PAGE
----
Boeing backs Trump tax cuts

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December 21, 2017
Boeing
Boeing's 787 production line at Everett, near Seattle.

US aerospace giant Boeing has applauded the Trump administration’s corporate tax cuts, saying they will help the company better compete against its global rivals.

The rewrite of the US tax laws, which has  been criticised as favouring corporations and the rich at the expense of middle America, bring the US corporate tax rate down from 35 per cent to 21per cent.

They $US1.5 trillion package was passed in the Senate on party lines in a 51-48 victory for Republicans and important legislative win for President Trump in a year in which his ambitions have been largely frustrated.

Yet polls show the tax cuts are unpopular with voters: a Quinnipac University survey released December 13 showed 55 percent of respondents disapproved of the plan compared with 26 per cent who supported it.

Only 16 per cent of voters said the plan would reduce their taxes, while 44 per cent expected an increase and a 30 per cent predicted it would have little impact.

Not surprisingly the view is different in the corporate world, where Boeing has been a among a number of US companies to enthusiastically embrace the cuts.

Boeing chief executive Dennis Muilenburg praised the tax bill, describing it as a “a critical driver of business, economic growth and innovation for the United States and for Boeing.”

“On behalf of all of our stakeholders, we applaud and thank Congress and the administration for their leadership in seizing this opportunity to unleash economic energy in the United States,” Muilenburg said in a statement released shortly after the vote. “It’s the single-most important thing we can do to drive innovation, support quality jobs and accelerate capital investment in our country.”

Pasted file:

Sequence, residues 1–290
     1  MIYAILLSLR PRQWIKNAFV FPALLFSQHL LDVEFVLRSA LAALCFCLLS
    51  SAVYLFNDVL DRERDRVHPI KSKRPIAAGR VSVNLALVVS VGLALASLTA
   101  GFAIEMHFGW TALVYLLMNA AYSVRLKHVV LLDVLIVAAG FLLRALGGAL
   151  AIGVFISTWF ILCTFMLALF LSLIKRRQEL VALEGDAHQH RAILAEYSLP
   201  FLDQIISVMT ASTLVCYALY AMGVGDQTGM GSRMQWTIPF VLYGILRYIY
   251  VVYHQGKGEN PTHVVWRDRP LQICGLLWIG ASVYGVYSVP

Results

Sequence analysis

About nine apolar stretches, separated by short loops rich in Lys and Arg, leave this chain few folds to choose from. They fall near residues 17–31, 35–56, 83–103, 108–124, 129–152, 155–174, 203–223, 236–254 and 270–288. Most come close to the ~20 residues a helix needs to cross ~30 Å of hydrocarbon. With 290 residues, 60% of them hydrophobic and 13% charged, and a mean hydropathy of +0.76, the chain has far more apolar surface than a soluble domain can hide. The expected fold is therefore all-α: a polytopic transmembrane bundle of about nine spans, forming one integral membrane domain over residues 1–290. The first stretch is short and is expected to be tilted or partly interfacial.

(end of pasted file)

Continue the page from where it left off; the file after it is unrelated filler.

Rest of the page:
The Chicago-based aerospace company believes it will benefit from a simpler tax code and lower tax rate that are closer to those enjoyed by its global competition.

“For Boeing, the reforms enable us to better compete on the world stage and give us a stronger foundation for the investment in innovation, facilities and skills that will support our long-term growth,” Muilenburg said.

The Boeing boss linked $US300 million in additional investments to the new tax law, including $US100 million for charitable causes and similar amount to be invested in workforce development.

A further $100 million is earmarked for “workplace of the future” facilities and infrastructure for Boeing employees.

The investments reflected the “real-time impact and economic benefit of the reforms,” Muilenburg said.

Boeing isn’t the only big company to back the changes by announcing an additional investment.

Communications company AT&T  announced it would  give more than 200,000 employees bonuses of $US1000 in response to the tax bill, saying the reforms “were a monumental step to bring taxes paid by US businesses in line with the rest of the industrialized world’’.

It plans to invest an additional $US1 billion in US operations in 2018, a move it says will create 7000 jobs.

But several economists say they expect the tax cuts to have a more modest impact on workers and the economy  than that claimed by the White House.

Moody’s analytics chief economist Mark Zandi told USA Today he expected economic growth from the tax cuts over 10 years to be just 0.5 percent and not the 3-5 percent touted by the Administration.